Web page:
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Hydration status after an ironman triathlon: a meta‐analysis


Sousa, Caio Victor; Aguiar, Samuel da Silva; Olher, Rafael Dos Reis; Sales, Marcelo Magalhães; de Moraes, Milton R; Nikolaidis, Pantelis T; Rosemann, Thomas; Knechtle, Beat; Simões, Herbert G (2019). Hydration status after an ironman triathlon: a meta‐analysis. Journal of Human Kinetics, 70(1):93-102.

Abstract

The Ironman is one of the most popular triathlon events in the world. Such a race involves a great number of tactical decisions for a healthy finish and best performance. Dehydration is widely postulated to decrease performance and is known as a cause of dropouts in Ironman. Despite the importance of hydration status after an Ironman triathlon, there is a clear lack of review and especially meta-analysis studies on this topic. Therefore, the objective was to systematically review the literature and carry out a meta-analysis investigating the hydration status after an Ironman triathlon. We conducted a systematic review of the literature up to June 2016 that included the following databases: PubMed, SCOPUS, Science Direct and Web of Science. From the initial 995 references, we included 6 studies in the qualitative analysis and in the meta-analysis. All trials had two measures of hydration status after a full Ironman race. Total body water, blood and urine osmolality, urine specific gravity and sodium plasma concentration were considered as hydration markers. Three investigators independently abstracted data on the study design, sample size, participants’ and race characteristics, outcomes, and quantitative data for the meta-analysis. In the pooled analysis, it seems that the Ironman event led to a moderate state of dehydration in comparison to baseline values (SMD 0.494; 95% CI 0.220 to 0.767; p = 0.001). Some evidence of heterogeneity and consistency was also observed: Q = 19.6; I<jats:sup>2</jats:sup> = 28.5%; τ<jats:sup>2</jats:sup> = 2.39. The results suggest that after the race athletes seem to be hypo-hydrated in comparison to baseline values.

Abstract

The Ironman is one of the most popular triathlon events in the world. Such a race involves a great number of tactical decisions for a healthy finish and best performance. Dehydration is widely postulated to decrease performance and is known as a cause of dropouts in Ironman. Despite the importance of hydration status after an Ironman triathlon, there is a clear lack of review and especially meta-analysis studies on this topic. Therefore, the objective was to systematically review the literature and carry out a meta-analysis investigating the hydration status after an Ironman triathlon. We conducted a systematic review of the literature up to June 2016 that included the following databases: PubMed, SCOPUS, Science Direct and Web of Science. From the initial 995 references, we included 6 studies in the qualitative analysis and in the meta-analysis. All trials had two measures of hydration status after a full Ironman race. Total body water, blood and urine osmolality, urine specific gravity and sodium plasma concentration were considered as hydration markers. Three investigators independently abstracted data on the study design, sample size, participants’ and race characteristics, outcomes, and quantitative data for the meta-analysis. In the pooled analysis, it seems that the Ironman event led to a moderate state of dehydration in comparison to baseline values (SMD 0.494; 95% CI 0.220 to 0.767; p = 0.001). Some evidence of heterogeneity and consistency was also observed: Q = 19.6; I<jats:sup>2</jats:sup> = 28.5%; τ<jats:sup>2</jats:sup> = 2.39. The results suggest that after the race athletes seem to be hypo-hydrated in comparison to baseline values.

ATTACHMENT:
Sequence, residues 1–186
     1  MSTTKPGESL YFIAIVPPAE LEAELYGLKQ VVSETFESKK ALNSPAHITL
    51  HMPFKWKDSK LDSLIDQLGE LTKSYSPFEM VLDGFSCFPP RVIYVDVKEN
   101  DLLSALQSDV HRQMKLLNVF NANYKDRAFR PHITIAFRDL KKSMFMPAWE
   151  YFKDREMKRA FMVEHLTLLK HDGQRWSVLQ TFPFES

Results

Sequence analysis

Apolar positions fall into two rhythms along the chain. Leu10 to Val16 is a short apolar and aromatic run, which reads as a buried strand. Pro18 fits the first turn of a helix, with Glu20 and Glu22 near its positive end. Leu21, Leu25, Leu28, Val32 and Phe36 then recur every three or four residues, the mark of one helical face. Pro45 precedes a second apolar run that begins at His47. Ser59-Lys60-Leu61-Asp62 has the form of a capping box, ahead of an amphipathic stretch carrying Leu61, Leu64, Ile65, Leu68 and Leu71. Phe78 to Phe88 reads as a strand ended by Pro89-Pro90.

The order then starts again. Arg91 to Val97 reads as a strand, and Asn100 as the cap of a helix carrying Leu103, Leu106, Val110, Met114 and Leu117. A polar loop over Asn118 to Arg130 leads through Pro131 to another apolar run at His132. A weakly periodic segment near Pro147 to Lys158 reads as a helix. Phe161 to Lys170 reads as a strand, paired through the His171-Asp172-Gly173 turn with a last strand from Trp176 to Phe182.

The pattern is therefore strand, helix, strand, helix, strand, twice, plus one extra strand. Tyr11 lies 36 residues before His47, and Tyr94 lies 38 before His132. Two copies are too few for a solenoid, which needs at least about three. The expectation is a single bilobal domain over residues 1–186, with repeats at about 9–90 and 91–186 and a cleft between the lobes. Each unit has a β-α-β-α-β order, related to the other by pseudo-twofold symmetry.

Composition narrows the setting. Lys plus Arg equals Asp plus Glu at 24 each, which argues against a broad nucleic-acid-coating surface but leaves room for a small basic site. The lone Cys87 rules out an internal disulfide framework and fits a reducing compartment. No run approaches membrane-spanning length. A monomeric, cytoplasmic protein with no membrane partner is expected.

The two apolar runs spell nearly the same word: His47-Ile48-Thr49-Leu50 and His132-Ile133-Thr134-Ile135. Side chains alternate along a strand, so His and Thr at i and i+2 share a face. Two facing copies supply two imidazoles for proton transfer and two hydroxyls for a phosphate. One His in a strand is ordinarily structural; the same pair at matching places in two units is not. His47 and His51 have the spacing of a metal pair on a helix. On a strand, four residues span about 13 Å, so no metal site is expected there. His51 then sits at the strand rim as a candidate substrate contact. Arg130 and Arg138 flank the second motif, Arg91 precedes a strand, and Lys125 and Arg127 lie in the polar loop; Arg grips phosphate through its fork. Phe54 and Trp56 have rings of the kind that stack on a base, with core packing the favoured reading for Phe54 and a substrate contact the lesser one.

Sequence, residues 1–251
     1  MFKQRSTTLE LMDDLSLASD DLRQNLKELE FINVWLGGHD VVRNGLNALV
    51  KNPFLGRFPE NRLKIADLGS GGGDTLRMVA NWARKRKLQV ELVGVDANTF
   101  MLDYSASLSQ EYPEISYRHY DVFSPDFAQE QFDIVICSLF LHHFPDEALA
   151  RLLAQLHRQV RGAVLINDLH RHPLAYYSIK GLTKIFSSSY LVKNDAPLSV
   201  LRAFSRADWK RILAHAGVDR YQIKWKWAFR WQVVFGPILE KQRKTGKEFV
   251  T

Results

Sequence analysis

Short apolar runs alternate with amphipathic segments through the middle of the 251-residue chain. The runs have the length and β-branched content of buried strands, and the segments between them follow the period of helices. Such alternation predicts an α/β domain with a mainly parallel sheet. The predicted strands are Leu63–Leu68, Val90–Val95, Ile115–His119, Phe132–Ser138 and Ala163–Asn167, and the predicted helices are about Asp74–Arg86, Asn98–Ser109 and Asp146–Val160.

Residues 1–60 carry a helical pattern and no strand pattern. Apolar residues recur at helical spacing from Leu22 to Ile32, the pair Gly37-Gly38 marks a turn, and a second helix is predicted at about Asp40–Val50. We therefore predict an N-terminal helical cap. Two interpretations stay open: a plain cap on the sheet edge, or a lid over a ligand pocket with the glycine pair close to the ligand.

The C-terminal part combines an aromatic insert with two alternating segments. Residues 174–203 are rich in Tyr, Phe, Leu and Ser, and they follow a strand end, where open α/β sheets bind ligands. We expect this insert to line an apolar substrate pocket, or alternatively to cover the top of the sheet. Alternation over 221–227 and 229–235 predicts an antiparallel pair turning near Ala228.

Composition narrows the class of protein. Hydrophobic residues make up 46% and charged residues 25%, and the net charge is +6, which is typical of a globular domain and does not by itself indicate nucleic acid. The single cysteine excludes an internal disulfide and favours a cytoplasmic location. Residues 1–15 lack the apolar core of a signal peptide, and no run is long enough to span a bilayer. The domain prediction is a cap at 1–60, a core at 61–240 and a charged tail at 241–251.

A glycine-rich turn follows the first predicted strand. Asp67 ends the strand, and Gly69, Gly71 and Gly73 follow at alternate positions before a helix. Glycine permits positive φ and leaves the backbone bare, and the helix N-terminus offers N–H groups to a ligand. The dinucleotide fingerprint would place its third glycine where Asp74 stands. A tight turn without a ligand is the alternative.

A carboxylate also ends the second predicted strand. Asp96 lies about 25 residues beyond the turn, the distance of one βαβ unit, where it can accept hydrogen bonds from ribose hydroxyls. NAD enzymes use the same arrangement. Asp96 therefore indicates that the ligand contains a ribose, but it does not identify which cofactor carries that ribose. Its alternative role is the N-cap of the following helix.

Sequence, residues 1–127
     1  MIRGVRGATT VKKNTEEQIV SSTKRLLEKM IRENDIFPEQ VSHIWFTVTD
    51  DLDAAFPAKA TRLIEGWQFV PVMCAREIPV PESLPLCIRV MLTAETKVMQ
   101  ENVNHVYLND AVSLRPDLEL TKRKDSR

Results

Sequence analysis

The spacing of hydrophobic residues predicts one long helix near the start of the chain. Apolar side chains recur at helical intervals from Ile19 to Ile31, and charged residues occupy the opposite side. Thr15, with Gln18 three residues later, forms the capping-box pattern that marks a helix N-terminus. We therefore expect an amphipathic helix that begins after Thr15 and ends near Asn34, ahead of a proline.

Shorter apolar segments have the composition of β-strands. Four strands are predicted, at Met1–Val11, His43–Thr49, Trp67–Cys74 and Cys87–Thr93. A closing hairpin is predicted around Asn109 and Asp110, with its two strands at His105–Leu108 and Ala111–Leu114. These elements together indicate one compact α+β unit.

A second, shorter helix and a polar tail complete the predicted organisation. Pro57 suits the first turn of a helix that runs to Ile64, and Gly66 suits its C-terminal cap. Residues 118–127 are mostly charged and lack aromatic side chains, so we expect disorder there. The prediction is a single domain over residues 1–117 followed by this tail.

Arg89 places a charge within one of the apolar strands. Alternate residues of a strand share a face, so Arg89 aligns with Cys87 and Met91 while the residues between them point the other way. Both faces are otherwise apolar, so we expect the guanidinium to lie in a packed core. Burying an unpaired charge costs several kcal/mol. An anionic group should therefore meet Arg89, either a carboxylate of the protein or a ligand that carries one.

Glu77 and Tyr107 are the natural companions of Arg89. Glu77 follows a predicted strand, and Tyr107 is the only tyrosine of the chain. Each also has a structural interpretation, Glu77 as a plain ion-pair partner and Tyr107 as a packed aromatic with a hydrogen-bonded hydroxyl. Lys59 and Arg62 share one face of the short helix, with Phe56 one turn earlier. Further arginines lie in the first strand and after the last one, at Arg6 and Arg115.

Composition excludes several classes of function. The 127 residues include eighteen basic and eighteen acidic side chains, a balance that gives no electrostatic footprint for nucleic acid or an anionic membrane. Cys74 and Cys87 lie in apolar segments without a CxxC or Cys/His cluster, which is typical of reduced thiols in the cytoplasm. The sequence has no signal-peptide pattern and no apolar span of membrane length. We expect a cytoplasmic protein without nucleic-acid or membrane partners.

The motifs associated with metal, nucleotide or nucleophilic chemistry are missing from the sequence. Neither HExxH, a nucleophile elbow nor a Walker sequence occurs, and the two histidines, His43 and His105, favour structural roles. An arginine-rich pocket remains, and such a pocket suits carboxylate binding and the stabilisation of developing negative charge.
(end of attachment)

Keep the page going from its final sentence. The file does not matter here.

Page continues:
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Item Type:Journal Article, refereed, original work
Communities & Collections:04 Faculty of Medicine > University Hospital Zurich > Institute of General Practice
Dewey Decimal Classification:610 Medicine & health
Uncontrolled Keywords:Physical Therapy, Sports Therapy and Rehabilitation, Physiology (medical)
Language:English
Date:30 November 2019
Deposited On:05 Feb 2020 16:24
Last Modified:10 Feb 2020 22:21
Publisher:De Gruyter
ISSN:1640-5544
OA Status:Gold
Free access at:Publisher DOI. An embargo period may apply.
Publisher DOI:https://doi.org/10.2478/hukin-2018-0096
PubMed ID:31915479

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